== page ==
Could giving infants antibiotics in their first year of life trigger asthma and allergies that develop later on in childhood?
That's the suspicion of a team of Canadian medical researchers who are conducting a $2.5 million study to find the answer.
More than 50 percent of Canadian infants receive a prescription for antibiotics before they turn one year old.
The study aim is two-fold: first, to discern how intestinal bacteria inside newborns changes after taking antibiotics, and second, to study if those changes trigger medical conditions later.
The researchers are intrigued by microbiota. Considered to be "good" intestinal bacteria, microbiota protect against harmful bacteria and help the body absorb nutrients.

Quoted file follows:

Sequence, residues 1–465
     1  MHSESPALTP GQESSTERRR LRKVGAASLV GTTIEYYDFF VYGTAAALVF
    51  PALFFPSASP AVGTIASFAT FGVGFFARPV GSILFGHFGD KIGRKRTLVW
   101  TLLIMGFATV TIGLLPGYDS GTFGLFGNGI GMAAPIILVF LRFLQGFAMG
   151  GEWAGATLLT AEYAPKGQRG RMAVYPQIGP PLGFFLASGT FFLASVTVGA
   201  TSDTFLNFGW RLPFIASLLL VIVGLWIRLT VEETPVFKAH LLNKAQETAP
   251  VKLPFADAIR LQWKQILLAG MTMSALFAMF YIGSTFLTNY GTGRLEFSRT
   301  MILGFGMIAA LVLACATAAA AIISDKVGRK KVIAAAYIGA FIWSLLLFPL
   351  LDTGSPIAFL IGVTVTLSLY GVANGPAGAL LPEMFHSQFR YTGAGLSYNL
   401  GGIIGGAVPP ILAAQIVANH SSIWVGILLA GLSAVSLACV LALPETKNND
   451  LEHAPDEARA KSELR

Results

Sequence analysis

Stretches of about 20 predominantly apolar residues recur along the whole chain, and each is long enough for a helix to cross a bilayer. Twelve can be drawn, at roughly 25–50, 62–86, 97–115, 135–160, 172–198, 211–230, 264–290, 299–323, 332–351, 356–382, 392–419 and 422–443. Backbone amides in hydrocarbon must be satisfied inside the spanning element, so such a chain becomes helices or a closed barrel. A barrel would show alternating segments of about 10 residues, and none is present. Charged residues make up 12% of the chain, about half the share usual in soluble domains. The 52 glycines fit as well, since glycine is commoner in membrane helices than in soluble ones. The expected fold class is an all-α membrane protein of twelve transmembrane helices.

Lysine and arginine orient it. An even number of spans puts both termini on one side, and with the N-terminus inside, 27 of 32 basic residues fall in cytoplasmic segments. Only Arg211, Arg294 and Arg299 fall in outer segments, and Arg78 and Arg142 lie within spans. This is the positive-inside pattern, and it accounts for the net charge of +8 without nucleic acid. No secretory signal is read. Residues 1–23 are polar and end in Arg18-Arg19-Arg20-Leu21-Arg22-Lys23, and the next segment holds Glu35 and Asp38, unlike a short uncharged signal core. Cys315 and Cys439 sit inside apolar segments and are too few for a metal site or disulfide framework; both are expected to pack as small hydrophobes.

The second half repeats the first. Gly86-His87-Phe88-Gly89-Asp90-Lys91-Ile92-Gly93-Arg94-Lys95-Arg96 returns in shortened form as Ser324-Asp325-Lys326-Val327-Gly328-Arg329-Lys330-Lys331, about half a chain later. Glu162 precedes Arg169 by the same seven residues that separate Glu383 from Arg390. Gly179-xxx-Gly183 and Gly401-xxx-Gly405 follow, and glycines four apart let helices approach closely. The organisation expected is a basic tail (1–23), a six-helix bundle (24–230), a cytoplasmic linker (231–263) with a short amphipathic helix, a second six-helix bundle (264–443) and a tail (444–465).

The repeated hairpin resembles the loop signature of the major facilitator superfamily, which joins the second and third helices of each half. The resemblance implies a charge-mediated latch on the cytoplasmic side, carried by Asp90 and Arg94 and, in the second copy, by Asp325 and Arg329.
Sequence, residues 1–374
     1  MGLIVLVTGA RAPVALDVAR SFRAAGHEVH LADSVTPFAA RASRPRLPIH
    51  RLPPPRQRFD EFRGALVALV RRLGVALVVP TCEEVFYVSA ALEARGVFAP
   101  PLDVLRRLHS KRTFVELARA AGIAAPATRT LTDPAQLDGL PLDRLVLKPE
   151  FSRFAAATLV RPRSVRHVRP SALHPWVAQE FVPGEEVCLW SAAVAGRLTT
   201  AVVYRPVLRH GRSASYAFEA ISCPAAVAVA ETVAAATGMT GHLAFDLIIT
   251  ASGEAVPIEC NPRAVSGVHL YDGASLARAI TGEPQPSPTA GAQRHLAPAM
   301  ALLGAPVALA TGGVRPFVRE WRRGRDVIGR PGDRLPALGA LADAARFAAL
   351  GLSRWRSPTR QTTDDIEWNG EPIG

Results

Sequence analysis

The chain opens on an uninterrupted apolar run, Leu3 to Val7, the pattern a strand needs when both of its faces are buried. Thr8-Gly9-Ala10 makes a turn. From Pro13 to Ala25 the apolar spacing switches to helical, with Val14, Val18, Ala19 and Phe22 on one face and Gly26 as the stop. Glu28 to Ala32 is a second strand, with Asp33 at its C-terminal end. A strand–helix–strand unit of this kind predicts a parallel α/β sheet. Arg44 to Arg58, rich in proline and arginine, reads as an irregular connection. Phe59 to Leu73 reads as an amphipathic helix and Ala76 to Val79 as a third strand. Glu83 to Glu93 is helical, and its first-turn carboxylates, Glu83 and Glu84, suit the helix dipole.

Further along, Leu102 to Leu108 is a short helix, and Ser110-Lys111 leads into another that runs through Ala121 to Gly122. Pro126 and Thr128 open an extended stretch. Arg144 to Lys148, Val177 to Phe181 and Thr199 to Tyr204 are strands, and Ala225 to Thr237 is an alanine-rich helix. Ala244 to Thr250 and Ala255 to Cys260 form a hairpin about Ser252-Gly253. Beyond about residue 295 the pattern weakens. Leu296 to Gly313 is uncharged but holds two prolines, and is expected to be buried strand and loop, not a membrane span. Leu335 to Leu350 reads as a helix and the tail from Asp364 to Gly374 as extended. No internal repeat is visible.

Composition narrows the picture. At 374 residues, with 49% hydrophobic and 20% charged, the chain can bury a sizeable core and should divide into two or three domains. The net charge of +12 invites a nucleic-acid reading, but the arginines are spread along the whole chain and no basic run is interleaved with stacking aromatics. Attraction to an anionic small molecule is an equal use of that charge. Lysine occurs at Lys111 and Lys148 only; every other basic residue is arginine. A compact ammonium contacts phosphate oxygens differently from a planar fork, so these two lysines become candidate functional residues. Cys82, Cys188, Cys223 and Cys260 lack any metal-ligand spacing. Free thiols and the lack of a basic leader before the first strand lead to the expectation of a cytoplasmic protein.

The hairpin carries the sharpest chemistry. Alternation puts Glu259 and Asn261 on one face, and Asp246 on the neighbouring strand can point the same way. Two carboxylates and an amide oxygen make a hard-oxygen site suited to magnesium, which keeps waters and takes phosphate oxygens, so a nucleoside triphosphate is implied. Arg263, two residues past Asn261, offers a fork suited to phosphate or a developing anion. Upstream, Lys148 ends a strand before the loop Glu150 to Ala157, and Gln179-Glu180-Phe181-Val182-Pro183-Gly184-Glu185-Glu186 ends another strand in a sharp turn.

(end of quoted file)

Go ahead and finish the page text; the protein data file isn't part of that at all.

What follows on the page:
Except no one is born with microbiota. It develops during the first year of life. Hence the age of the research subjects.
The study's proof will be in the dirty diapers. Researchers will analyze the composition of microbiota from fecal samples at three months and again, at one year of age. DNA culled from the baby poop will identify bacteria in the microbiota.